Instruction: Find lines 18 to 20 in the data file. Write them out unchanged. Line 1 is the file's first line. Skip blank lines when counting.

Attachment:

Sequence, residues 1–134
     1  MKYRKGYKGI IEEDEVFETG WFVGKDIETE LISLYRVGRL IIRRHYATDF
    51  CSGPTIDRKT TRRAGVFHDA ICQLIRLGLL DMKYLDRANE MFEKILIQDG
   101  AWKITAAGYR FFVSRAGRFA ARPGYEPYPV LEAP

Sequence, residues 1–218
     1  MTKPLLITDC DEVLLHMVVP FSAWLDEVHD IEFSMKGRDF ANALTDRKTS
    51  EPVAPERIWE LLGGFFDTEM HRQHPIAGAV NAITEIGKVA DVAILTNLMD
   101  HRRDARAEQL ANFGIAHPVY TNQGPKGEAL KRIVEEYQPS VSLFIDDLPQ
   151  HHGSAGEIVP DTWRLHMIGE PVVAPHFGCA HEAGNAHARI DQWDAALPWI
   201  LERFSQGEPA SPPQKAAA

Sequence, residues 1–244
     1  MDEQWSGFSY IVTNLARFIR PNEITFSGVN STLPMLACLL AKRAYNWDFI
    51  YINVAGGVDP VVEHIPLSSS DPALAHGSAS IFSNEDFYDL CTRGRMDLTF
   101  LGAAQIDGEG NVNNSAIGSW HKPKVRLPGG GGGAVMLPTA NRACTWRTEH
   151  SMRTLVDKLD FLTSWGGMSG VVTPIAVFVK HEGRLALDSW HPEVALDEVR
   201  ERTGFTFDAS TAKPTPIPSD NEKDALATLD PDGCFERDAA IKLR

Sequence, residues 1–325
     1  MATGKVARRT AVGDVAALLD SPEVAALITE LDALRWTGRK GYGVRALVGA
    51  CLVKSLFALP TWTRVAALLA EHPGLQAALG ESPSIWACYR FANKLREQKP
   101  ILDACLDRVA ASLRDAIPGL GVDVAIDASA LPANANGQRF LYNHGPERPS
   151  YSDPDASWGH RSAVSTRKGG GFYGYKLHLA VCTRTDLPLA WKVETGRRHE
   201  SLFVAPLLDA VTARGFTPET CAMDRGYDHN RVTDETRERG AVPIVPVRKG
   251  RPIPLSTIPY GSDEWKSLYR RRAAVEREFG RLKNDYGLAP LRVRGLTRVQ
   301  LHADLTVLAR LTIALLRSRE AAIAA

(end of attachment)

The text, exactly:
     1  MATGKVARRT AVGDVAALLD SPEVAALITE LDALRWTGRK GYGVRALVGA
    51  CLVKSLFALP TWTRVAALLA EHPGLQAALG ESPSIWACYR FANKLREQKP
   101  ILDACLDRVA ASLRDAIPGL GVDVAIDASA LPANANGQRF LYNHGPERPS